European politics still trending dangerously towards extremes
Germany's elections will have far-reaching implications for a post-Brexit Europe, writes Dan O'Brien
The tectonic plates of European politics have shifted more since 2010 than in the previous two decades. With Democratic Europe's three biggest and most influential countries having held general elections over the past six months, a changed landscape is emerging. What are the implications for Europe and Irish interests?
Up until the French and Dutch elections last spring, there was much dark talk about Europe heading back to the 1930s. After the hard-right suffered a setback in the Netherlands and the arch-centrist, Emmanuel Macron, won the presidency in France, a wave of commentary suggested the populist surge might have peaked. Last weekend's German elections has raised fresh concerns about extremism after the far right did better than expected, and will enter parliament in Berlin for the first time since the Nazi era.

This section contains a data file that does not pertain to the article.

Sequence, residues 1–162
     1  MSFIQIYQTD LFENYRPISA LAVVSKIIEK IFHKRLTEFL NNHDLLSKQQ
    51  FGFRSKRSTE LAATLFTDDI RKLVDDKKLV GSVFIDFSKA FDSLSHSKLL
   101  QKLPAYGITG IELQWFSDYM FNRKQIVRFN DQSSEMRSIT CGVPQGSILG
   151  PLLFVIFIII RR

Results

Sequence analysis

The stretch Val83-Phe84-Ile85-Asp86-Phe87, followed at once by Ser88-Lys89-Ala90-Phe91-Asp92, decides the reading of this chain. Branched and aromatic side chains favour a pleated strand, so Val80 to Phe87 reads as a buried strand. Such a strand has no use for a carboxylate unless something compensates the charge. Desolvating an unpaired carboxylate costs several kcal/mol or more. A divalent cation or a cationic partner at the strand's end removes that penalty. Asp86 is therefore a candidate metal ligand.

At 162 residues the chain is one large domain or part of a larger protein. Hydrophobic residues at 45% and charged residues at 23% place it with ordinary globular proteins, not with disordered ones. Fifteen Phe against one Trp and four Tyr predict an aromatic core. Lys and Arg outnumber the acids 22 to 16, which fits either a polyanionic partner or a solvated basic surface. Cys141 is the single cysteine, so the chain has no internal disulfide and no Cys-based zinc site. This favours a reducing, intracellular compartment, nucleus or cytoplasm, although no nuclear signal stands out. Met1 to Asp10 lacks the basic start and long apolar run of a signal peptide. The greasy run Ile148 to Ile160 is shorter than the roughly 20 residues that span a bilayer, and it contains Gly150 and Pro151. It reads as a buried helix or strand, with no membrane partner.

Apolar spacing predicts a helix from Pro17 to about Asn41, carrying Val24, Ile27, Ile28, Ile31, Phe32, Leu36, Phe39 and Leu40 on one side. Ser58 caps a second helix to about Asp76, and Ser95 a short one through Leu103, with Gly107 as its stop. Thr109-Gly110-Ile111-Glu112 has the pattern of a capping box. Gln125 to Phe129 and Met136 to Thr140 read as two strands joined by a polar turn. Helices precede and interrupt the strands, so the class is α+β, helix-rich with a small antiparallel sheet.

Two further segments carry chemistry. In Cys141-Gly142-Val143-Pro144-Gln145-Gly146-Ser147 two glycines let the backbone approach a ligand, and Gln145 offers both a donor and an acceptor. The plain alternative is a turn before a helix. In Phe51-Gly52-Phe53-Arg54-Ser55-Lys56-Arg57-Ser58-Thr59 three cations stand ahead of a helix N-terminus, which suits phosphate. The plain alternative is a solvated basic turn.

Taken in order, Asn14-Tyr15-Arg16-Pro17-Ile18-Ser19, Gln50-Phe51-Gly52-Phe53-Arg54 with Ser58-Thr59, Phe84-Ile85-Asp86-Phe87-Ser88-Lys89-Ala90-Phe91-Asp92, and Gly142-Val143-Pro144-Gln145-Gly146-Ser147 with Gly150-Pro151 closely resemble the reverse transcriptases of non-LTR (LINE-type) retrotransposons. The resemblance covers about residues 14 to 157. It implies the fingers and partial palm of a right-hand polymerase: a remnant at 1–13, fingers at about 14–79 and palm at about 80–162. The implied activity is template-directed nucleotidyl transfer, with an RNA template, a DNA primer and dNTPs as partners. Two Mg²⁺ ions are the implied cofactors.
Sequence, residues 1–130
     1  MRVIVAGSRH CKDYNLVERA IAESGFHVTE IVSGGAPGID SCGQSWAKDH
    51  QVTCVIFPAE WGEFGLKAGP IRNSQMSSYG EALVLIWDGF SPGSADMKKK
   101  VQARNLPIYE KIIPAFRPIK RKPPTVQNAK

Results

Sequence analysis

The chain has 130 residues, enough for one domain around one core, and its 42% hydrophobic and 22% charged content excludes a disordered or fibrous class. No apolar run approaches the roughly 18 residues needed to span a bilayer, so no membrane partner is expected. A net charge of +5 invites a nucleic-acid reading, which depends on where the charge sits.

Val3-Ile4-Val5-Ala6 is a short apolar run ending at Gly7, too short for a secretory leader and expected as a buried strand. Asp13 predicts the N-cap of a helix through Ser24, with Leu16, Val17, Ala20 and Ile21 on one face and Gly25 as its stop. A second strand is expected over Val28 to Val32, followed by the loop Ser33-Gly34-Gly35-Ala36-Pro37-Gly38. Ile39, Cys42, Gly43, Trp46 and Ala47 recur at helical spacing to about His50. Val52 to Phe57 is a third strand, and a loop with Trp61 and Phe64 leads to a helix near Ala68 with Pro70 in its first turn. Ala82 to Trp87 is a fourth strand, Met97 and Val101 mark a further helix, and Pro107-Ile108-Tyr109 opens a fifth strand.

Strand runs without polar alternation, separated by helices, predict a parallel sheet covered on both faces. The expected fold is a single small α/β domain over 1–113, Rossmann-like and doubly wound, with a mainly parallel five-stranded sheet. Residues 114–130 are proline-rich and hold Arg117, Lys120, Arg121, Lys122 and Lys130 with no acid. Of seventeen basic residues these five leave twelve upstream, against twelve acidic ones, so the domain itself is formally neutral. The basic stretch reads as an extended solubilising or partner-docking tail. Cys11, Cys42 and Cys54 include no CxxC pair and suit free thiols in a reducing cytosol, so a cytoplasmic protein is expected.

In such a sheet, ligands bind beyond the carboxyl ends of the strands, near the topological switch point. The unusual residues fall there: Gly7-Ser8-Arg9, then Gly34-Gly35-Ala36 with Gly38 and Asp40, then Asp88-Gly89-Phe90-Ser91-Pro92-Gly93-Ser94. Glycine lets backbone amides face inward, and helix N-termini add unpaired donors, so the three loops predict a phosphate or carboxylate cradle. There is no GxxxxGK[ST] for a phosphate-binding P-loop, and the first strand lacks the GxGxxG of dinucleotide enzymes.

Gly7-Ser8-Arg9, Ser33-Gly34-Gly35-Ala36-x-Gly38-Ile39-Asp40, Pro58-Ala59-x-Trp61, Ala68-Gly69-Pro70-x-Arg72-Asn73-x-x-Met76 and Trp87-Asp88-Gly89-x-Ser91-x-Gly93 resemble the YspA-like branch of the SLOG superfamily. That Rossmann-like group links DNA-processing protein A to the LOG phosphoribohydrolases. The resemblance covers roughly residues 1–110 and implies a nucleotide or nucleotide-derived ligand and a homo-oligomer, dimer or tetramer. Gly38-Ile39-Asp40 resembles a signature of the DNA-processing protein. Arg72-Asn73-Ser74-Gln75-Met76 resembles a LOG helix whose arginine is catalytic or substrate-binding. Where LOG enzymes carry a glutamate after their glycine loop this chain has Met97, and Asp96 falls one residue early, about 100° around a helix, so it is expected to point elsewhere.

With commentary blowing this way and that depending on the outcome of the latest election, the important thing is to look at the underlying trend. Political scientists Giacomo Benedetto and Simon Nix have done exactly that by meticulously looking at all elections across democratic Europe over many decades.
They are currently updating their data set to include this year's elections, but, as of the end of last year, the good news was that across Europe well over 80pc of voters supported non-extreme parties at the ballot box. It is for this reason, and lots of others, that Europe is not about to descend into another 1930s-type dark valley.